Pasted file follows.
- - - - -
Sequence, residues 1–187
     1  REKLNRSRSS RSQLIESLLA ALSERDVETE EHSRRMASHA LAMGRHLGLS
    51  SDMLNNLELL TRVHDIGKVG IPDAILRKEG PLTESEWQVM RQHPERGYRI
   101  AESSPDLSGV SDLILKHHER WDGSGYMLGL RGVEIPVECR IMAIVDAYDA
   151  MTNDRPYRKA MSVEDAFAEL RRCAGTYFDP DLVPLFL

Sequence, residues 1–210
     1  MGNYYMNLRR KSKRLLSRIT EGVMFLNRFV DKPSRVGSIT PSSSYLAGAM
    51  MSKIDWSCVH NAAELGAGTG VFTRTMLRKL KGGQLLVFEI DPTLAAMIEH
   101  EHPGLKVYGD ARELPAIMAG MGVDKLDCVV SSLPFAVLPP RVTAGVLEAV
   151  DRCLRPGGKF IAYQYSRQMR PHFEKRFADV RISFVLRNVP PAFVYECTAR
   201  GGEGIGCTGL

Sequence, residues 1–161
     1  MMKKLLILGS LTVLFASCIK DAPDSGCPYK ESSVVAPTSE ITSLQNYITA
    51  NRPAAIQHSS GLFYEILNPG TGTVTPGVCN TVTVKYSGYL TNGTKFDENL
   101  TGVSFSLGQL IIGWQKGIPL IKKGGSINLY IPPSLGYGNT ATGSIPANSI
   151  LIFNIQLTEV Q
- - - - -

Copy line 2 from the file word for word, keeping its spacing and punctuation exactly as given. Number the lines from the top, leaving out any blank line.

     1  REKLNRSRSS RSQLIESLLA ALSERDVETE EHSRRMASHA LAMGRHLGLS